Chess Grandmaster Boris Gelfand. It seemed like the whole country followed the
games Gelfand played against India’s Viswanathan Anand in a dramatic face-off
that determined the final outcome of the World Chess Championship in Moscow on
May 30. Even though he ultimately lost, Gelfand returned home to a deserved
hero’s welcome and an across the board debate over whether it was fair that his
runner’s up prize money be taxed.
The annual Gay Pride Parade in Tel Aviv
raised neither eyebrows nor passionate discourse. Even the posting of a Gay
Pride feature on the IDF’s official website would not have gained much attention
had it not been for the debate about the ethics of staging the photo of two male
soldiers holding hands. (That gays serve in the Israeli army is a given.) The
fate of the illegal migrants certainly produced headlines. The dilemmas and
stories are heartbreaking. Last week witnessed the departure of a planeload of
migrants for South Sudan in “Operation Going Back Home.”
Many of the
refugees noted they were heading for the unknown in the perilously poor, newborn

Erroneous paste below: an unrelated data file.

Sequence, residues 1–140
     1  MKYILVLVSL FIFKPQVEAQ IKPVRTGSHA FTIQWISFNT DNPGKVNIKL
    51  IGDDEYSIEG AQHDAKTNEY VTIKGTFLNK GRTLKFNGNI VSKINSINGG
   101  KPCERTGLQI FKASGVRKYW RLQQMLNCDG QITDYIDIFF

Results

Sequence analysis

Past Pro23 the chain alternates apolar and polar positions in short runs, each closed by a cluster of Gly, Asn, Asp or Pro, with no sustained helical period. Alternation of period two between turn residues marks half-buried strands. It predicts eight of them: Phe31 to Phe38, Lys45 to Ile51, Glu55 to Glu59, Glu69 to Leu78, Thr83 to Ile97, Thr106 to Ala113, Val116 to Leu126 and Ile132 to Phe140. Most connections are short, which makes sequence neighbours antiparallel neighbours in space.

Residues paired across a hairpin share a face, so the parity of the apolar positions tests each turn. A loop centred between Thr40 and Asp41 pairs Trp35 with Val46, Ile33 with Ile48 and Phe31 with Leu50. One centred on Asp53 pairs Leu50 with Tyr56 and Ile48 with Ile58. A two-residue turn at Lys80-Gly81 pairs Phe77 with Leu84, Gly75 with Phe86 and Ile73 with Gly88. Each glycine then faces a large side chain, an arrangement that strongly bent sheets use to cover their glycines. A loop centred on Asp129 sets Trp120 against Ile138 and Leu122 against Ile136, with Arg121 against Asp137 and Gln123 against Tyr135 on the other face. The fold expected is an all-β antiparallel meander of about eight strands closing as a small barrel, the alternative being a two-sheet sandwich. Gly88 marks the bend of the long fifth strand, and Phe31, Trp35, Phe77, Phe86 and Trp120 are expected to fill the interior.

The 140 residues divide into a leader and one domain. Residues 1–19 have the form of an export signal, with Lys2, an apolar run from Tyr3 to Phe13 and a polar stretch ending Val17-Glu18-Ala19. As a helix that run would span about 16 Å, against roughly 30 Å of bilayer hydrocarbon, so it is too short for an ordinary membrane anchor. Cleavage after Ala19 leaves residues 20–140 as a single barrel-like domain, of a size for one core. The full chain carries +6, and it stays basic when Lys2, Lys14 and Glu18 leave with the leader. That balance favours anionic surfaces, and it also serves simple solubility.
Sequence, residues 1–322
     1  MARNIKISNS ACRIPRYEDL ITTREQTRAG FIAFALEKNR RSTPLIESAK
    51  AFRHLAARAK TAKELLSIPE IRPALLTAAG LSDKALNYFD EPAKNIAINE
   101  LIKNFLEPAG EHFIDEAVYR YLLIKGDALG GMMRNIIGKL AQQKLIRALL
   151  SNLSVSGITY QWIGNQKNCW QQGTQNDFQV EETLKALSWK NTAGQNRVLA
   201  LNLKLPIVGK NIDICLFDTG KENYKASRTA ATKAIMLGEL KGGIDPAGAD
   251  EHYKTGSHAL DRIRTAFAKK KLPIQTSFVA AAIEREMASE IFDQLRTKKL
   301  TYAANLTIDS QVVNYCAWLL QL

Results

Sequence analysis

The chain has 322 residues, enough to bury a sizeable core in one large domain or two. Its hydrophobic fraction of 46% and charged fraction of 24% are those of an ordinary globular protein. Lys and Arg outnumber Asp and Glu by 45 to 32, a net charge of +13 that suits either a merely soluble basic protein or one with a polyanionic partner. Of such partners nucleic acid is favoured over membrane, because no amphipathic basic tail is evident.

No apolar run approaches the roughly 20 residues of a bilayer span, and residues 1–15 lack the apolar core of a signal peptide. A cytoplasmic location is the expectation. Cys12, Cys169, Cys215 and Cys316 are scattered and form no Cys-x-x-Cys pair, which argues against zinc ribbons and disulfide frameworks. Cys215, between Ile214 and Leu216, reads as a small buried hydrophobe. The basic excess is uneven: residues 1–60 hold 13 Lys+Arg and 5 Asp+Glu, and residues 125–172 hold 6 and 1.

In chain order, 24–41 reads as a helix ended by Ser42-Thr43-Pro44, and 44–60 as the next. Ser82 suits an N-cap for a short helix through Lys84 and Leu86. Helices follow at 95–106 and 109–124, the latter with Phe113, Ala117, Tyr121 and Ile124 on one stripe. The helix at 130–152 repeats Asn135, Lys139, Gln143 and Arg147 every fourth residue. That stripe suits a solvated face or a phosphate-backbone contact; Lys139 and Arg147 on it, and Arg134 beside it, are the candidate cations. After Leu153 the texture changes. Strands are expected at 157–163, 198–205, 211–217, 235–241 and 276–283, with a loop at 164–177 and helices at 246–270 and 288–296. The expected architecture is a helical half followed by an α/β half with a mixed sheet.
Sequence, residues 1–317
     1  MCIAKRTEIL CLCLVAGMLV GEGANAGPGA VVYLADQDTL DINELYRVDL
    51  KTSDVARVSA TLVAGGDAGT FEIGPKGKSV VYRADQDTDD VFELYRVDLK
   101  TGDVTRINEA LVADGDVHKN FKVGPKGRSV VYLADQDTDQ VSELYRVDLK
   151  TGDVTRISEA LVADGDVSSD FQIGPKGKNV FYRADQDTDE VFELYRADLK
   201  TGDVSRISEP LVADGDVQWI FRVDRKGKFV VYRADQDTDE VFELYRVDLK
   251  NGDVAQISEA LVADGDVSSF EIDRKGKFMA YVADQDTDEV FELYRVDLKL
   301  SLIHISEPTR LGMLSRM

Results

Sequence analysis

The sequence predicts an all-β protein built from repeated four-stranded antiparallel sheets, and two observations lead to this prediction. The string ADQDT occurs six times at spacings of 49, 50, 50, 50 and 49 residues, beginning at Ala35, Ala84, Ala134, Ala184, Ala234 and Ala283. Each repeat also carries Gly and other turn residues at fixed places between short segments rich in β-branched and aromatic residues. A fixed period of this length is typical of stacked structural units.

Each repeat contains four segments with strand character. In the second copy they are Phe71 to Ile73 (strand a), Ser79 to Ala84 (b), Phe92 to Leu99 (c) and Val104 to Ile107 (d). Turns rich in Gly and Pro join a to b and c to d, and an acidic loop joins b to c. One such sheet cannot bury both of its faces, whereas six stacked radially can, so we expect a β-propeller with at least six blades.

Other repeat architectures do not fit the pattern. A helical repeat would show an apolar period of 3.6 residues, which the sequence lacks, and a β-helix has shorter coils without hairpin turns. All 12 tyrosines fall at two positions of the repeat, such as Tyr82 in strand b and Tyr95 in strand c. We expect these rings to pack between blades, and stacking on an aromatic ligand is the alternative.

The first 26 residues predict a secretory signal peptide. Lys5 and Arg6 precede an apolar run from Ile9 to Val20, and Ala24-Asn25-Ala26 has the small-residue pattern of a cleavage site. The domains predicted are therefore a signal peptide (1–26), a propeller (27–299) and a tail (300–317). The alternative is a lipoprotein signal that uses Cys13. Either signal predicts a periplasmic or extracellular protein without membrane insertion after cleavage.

state – still under threat from its larger Muslim neighbor. I couldn’t help but
think we’ve come a long way since refugees and idealists headed to the nascent
Israel in 1948.
It’s a good job we didn’t wait for peace to miraculously
happen before building the country and being able to enjoy life. We’d still be
This month also saw myriad celebrities visit Israel and leave
The list included Madonna who launched her world tour in Tel
Aviv; US actor David Arquette who came to film an episode of his travel show
and, at age 41, celebrated a belated bar mitzva at the Western Wall; and Google
chairman Eric Schmidt.
Schmidt praised “the start-up nation” as a miracle
and told the prime minister he appreciated that military service of Israeli
citizens gives them a huge advantage in the hi-tech field, making them more
mature, independent and organized.
Also last week, Facebook announced it
was buying the Israeli company Face.com for an estimated sum of between $80
million and $100 million.
At least Israelis are turning the bitter lemons
of the security situation into something far more palatable.
miracles (and the little pleasures) never cease; may the missiles (and the
heatwave) stop soon.
The writer is editor of The International Jerusalem